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Patent Valuation

We take a patent-based approach to valuation using between 10-25 patent-related criteria that will provide you with a measure of the value or strength of your patent or patent portfolio.

The algorithm we use for patent valuation differs from those that economists or finance practitioners use (e.g., market, cost, or income-based patent valuation). What we use instead are patent parameters that patent lawyers understand very well.

 

Advantages of a Patent-based approach to valuation

  • Uncover insights that can only be derived from a deep analysis of valuation parameters derived from each patent
  • Puts patent lawyers in an ideal position to determine the strength of the patents or patent portfolios because of their familiarity with the patent parameters.
  • Allows patent practitioners to classify or determine the best course of action for each patent (sell, license, etc)
  • Provides a perfect complement to mainly economic or financial approach to patent valuations that are prevalent in the market

 

The specific combination of patent valuation criteria that we use may vary depending, for example, on the availability of data for a given criterion. We may also select a set of criteria for use in a valuation based on a client’s objectives (e.g., for patent acquisition or licensing) or requirements.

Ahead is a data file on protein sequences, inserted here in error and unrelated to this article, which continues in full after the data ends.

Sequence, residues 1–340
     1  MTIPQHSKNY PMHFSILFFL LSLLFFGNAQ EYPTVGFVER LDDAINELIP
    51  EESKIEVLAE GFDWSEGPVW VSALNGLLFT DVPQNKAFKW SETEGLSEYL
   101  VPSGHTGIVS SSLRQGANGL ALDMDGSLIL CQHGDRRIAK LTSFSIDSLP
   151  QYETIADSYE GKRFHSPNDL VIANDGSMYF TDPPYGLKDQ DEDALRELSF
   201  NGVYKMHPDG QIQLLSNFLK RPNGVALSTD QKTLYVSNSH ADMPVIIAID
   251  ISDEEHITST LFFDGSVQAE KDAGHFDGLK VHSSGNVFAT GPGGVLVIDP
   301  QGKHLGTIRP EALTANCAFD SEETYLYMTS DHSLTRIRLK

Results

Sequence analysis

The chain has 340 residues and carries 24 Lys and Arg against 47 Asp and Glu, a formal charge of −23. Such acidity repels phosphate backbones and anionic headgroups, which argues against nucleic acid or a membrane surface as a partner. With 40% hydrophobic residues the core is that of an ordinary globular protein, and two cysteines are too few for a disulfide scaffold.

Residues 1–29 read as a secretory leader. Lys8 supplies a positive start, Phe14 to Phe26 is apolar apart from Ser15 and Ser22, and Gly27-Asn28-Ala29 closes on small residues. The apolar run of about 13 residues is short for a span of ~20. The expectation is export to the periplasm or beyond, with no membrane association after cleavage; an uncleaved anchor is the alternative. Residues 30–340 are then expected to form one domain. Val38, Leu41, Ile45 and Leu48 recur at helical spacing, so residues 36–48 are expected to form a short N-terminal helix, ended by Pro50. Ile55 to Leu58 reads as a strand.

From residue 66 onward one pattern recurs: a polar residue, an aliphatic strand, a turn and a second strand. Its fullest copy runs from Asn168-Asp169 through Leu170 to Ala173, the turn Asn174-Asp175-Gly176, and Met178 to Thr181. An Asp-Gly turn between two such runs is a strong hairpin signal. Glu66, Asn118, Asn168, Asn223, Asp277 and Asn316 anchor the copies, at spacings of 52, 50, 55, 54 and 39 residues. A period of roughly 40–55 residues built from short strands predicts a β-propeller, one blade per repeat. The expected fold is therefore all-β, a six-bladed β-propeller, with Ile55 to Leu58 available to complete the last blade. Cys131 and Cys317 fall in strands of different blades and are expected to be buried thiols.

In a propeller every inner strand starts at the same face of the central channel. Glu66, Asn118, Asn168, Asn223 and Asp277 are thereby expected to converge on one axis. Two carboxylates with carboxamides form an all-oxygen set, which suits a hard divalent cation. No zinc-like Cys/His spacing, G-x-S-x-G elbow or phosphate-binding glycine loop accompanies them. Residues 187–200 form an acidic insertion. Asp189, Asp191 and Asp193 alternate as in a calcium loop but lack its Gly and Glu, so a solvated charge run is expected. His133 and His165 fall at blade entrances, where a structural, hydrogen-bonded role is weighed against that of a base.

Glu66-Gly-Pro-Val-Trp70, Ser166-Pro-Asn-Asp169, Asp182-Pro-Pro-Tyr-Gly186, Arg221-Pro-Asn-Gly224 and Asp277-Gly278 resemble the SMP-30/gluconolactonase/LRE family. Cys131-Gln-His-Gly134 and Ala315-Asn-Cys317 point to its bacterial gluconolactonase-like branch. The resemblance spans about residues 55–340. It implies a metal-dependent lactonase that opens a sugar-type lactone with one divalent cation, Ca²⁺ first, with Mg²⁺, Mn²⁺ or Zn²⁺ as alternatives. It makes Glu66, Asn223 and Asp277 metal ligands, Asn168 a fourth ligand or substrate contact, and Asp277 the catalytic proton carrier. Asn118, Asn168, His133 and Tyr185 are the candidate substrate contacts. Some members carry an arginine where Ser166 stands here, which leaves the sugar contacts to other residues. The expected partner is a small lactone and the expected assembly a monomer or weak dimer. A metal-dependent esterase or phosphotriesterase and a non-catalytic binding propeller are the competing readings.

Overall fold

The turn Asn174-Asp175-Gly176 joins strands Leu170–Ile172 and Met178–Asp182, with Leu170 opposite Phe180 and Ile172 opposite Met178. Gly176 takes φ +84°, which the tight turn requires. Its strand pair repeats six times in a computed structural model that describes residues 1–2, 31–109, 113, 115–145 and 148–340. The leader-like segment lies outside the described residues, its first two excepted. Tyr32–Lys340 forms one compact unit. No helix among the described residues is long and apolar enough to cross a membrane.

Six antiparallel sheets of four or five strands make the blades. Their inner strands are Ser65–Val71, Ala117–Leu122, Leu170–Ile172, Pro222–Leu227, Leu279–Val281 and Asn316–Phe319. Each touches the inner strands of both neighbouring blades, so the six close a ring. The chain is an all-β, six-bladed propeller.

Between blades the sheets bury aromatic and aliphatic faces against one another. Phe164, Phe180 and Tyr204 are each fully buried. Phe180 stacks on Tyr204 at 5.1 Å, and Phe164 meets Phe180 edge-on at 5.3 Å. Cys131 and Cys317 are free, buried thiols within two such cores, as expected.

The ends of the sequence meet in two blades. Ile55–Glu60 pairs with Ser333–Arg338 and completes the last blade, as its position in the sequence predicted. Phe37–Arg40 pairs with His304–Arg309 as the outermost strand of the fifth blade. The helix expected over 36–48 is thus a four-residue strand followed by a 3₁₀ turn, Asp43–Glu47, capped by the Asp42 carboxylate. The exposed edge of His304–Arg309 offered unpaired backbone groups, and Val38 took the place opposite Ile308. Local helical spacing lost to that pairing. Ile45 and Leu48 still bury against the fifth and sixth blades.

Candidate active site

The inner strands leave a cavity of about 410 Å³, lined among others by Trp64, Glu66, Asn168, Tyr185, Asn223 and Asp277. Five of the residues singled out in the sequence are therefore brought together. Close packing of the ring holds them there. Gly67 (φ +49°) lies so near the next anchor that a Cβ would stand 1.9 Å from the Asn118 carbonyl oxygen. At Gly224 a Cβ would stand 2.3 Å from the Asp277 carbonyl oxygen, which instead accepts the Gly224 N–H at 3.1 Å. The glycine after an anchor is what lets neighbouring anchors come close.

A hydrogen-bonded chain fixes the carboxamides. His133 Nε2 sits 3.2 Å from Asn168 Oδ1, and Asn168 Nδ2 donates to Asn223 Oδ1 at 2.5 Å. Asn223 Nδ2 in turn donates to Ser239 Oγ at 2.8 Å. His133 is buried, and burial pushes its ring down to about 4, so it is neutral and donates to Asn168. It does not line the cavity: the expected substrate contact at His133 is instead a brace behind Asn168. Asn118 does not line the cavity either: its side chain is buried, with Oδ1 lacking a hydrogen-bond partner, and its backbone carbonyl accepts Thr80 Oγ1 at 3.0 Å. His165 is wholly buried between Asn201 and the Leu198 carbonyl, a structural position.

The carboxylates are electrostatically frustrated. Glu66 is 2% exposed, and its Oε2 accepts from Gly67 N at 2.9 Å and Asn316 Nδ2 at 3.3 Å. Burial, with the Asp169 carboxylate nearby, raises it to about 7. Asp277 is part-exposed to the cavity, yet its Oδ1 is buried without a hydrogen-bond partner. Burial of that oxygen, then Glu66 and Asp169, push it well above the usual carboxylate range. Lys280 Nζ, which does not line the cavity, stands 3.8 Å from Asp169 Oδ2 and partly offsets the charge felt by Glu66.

Criteria Used

Primary

  • number of independent claims
  • total number of claims
  • number of forward citations
  • patent term
  • scope/breadth of independent claims
  • number of related art (can be estimated from a preliminary search)
  • number of backward citations
  • number of countries in which patent for invention has been granted
  • number of countries and countries in which patent for invention was invalidated
  • number of times patent survived invalidity or claim cancellation proceedings or litigation
  • whether invention is pioneering or groundbreaking
  • whether inventors are leading figures or known experts in the field of the invention
  • whether subject matter/field of the invention relatively new
  • whether patent claims include narrow claims that cover commercially desirable embodiments of the invention
  • support for the claims in the specification (written description and enablement)

Others

  • whether invention is in a technology area with rapid or slow rate of obsolescence
  • whether assignee has a strong patent litigation track record (e.g., prevailed in most, if not all, of the cases assignee was involved in or very few or none of patents owned by assignee have been invalidated)
  • whether invention is one that requires significant R&D investments to develop, substantial capital and infrastructure investments for commercialization, high production costs, or in a technology area in which manpower is limited or expensive
  • whether patented invention is an essential component or comprises a feature or functionality of a core-technology area or widely-used products
  • whether patent is a standard-essential patent
  • whether patented invention is a dominant or most-widely adapted technology, if there are several competing technologies
  • whether patented invention has been licensed to several large or well-known companies for several years
  • whether patent is owned or has been acquired by a large or well-known company or institution
  • whether prosecution history shows patent application underwent rigorous examination
  • whether assignee is a major supplier of a critical component of a widely-used product, device, or core technology
  • whether technology covered by patented invention predicted or expected to be superseded by new technology
  • whether assignee owns other related patents (e.g., for use against another party in a patent infringement counter-suit)

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